Tolulope-Photo-02-e1484917783633Tolulope Popoola is an award winning Author, Publisher and Writing Coach. She is the author of two collections of flash fiction stories, “Fertile Imagination” and “Looking For Something”, and a romance novel “Nothing Comes Close”. She has written extensively for many magazines and publications. Tolulope is the founder of Accomplish Press, a coaching, consulting and publishing company, that provides services to support aspiring authors. She was given a special Award of Excellence at the 2016 Nigerian Writers’ Awards, and has recently been shortlisted for Diaspora Writer of the Year for the 2017 awards.She has also earned the nickname of “Africa’s flash fiction queen” for her unique ways with writing dramatic short stories.

Tags: , , , ,

I hold a doctorate in English from Duke University and recently joined the Marquette University English faculty as an Assistant Professor. I love teaching African fiction and contemporary British novels. Brittle Paper is the virtual space/station where I play and experiment with ideas on how to reinvent African fiction and literary culture.

4 Responses to “Memoirs of a Lagos Wedding Planner | Episode 2: The Second Almost Wedding | by Tolulope Popoola” Subscribe

  1. Hannah 2017/01/27 at 04:38 #

    Short and sweet. It would be nice to see something about the author, though…

  2. Jay 2017/01/30 at 07:56 #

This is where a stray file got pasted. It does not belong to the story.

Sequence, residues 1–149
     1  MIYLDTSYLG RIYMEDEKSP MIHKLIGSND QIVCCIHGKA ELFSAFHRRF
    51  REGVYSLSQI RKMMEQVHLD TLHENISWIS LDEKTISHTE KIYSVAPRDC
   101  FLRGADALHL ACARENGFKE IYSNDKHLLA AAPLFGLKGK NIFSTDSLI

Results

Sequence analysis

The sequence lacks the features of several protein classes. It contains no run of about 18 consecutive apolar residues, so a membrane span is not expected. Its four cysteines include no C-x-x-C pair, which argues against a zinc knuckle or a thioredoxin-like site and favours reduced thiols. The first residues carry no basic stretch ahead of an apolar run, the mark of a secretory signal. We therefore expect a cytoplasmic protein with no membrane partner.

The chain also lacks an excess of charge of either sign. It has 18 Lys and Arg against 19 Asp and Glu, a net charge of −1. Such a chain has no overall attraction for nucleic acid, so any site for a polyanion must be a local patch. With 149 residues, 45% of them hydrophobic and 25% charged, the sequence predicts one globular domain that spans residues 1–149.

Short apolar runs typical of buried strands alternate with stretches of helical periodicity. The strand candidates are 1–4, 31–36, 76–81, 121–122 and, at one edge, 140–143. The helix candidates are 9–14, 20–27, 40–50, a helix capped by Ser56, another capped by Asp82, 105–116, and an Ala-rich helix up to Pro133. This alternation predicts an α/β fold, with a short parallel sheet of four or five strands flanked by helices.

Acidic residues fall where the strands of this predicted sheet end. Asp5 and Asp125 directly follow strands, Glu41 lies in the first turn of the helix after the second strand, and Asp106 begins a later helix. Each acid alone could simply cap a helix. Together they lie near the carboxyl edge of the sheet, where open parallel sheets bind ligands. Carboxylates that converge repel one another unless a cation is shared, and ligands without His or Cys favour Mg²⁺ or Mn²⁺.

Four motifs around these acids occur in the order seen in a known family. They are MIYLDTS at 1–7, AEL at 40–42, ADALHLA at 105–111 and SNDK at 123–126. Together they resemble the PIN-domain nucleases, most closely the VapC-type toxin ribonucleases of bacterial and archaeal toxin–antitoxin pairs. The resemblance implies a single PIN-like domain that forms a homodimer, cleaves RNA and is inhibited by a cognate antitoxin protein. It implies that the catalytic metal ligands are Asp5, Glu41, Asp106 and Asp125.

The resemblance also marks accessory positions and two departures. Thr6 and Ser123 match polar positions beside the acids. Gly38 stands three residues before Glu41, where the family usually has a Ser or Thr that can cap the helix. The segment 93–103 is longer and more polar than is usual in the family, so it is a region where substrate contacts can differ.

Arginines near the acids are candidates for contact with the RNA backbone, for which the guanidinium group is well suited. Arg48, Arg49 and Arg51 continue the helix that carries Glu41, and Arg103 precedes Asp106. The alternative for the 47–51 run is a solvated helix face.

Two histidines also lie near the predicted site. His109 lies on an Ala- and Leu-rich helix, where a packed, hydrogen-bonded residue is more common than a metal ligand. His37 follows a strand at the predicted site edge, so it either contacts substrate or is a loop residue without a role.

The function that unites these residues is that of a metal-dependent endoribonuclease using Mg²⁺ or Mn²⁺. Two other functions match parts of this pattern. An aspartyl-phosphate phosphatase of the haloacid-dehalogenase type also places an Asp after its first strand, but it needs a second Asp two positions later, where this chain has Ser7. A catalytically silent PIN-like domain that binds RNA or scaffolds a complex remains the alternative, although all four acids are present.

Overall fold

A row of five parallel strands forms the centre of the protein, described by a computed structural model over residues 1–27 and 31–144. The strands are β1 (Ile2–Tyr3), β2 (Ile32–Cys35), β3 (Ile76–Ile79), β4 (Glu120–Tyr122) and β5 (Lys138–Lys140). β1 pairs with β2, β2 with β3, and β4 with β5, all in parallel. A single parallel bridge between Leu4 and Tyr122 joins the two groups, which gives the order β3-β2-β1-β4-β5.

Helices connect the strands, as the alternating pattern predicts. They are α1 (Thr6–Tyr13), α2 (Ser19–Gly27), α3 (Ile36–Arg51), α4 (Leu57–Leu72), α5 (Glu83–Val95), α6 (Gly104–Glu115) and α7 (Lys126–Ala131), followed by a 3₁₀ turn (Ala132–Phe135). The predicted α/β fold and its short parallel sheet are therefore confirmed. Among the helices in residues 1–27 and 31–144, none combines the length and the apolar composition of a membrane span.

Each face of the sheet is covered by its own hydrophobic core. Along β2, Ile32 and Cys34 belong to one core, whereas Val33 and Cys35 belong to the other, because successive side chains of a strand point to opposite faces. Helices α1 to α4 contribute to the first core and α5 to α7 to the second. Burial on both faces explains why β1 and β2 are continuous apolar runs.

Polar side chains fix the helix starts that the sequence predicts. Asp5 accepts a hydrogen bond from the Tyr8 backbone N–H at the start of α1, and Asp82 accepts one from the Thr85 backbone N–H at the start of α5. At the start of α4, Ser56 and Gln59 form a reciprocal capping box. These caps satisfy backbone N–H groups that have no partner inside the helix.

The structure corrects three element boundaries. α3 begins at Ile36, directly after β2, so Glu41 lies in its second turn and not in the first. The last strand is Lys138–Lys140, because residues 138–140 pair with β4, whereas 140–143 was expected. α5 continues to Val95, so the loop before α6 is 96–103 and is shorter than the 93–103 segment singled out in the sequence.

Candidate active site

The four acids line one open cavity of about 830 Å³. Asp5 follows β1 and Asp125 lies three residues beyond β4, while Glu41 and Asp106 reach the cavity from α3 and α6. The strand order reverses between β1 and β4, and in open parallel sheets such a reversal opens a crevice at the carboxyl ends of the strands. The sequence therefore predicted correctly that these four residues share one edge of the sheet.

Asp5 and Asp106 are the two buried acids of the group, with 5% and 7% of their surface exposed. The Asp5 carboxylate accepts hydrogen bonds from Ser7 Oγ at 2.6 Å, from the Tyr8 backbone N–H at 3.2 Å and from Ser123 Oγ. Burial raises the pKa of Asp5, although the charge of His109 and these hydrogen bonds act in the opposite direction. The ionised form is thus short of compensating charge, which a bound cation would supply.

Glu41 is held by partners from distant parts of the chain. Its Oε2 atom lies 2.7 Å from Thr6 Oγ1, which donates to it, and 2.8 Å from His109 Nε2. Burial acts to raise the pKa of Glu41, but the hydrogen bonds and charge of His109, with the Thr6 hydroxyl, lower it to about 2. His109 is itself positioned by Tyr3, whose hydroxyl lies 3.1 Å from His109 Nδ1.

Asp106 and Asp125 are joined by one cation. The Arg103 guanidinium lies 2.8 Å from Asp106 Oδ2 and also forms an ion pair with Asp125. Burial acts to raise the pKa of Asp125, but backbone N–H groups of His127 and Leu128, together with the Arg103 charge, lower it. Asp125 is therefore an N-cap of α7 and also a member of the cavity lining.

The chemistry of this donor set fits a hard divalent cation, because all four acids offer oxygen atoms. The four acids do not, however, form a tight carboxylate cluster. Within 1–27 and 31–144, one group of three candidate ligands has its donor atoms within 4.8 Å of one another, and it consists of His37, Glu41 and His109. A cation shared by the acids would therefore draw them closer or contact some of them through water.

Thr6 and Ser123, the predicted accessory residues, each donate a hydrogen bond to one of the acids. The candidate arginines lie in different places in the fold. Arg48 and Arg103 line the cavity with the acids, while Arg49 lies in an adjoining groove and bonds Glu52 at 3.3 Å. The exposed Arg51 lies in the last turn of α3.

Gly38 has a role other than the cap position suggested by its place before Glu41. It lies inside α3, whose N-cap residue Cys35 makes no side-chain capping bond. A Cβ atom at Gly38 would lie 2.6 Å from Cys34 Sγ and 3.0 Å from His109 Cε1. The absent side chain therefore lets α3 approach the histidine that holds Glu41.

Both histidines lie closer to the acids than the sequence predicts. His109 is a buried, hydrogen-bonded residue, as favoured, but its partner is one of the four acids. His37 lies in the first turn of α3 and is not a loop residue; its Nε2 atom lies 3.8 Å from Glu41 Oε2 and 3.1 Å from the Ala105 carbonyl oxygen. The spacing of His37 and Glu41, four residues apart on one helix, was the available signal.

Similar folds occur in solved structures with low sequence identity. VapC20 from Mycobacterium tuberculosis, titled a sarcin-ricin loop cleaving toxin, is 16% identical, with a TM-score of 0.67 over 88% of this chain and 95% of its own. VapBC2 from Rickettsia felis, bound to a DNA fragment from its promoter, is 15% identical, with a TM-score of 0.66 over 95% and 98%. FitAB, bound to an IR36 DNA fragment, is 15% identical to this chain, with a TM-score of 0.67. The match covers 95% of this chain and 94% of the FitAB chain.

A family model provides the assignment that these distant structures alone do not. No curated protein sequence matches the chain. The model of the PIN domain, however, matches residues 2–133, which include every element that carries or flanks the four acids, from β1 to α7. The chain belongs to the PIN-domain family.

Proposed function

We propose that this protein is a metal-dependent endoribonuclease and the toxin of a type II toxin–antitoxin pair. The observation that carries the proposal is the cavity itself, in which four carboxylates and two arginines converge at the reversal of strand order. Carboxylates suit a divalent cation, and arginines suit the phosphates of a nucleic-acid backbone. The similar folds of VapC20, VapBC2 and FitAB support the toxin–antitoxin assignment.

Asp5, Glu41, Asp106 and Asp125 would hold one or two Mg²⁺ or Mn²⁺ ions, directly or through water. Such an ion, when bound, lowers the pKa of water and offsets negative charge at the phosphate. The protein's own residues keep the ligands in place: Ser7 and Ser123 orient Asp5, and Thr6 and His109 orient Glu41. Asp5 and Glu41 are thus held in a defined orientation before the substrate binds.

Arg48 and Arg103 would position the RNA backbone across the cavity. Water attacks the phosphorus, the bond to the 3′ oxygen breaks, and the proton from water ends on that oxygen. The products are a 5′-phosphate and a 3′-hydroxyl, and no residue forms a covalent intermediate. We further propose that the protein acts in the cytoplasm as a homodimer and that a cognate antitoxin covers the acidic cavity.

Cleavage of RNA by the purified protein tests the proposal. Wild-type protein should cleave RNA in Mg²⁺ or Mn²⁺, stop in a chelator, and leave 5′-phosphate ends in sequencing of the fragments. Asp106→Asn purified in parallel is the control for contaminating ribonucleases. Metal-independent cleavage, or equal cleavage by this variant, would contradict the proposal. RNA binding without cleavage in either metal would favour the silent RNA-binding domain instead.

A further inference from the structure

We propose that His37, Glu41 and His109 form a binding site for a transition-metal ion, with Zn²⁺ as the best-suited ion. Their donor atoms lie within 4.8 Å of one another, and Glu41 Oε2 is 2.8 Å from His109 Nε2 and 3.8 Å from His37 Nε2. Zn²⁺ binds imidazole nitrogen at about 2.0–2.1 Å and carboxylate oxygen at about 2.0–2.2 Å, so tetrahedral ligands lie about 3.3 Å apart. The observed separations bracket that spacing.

Sweet Jesus, I love this ….. Lemme search for episode 1……

  3. Nicole 2017/02/01 at 07:59 #

    Hahaha…that is so funny! Not in a funny funny sort of way, but in a sad funny sort of way. It is always the good ones who adore their significant others, who get the short end of the stick in such situations.

  4. Temilade 2017/02/06 at 01:14 #

    Lol. Talk about enemies of progress…

Leave a Reply

I hold a doctorate in English from Duke University and recently joined the Marquette University English faculty as an Assistant Professor. I love teaching African fiction and contemporary British novels. Brittle Paper is the virtual space/station where I play and experiment with ideas on how to reinvent African fiction and literary culture.

Subscribe to Blog via Email

Enter your email address to subscribe to this blog and receive notifications of new posts by email.

Archives

Ikhide Ikheloa Expresses Concerns Over the 2017 Kaduna Book and Arts Festival

ikhide kabafest

The inaugural edition of The Kaduna Book and Arts Festival was announced a week ago. Read here if you missed […]

On Fragility and the Dynamics of Gay Love in Fiction | Interview with Arinze Ifeakandu, 2017 Caine Prize Shortlistee | By Ebenezer Agu

1462871_239347839556725_921861327_n

Arinze Ifeakandu is the first writer published by Brittle Paper before his shortlisting to be recognized by the Caine Prize. We […]

An Almost Year for the Caine Prize: 6 Records That Were Not Broken | By Nkiacha Atemnkeng

caine-prize

In 2017, several Caine Prize records almost got broken. But one did get broken. Sixty-five-year-old Sudanese Bushra al-Fadil is the […]

Ngugi’s Tribute to Memory | Review of Ngugi wa Thiong’o’s Birth of a Dream Weaver | By Kọ́lá Túbọ̀sún

brittle paper book review (2)

Title: Birth of a Dream Weaver: A Writer’s Awakening Author: Ngugi wa Thiong’o Publisher: The New Press Year: 2016 Where […]

A Tenderer Blessing | By Otosirieze Obi-Young | Fiction

otosirieze

  THE university campus in Nsukka was full of ixora, and it was beside one of the trimmed hedges in […]

Yaa Gyasi’s Homegoing Is Mandatory Reading for Stanford University Freshers

gyasi

Yaa Gyasi’s multigenerational novel Homegoing is now mandatory reading for freshers at her alma mater, Stanford University. The heavy-hitting first […]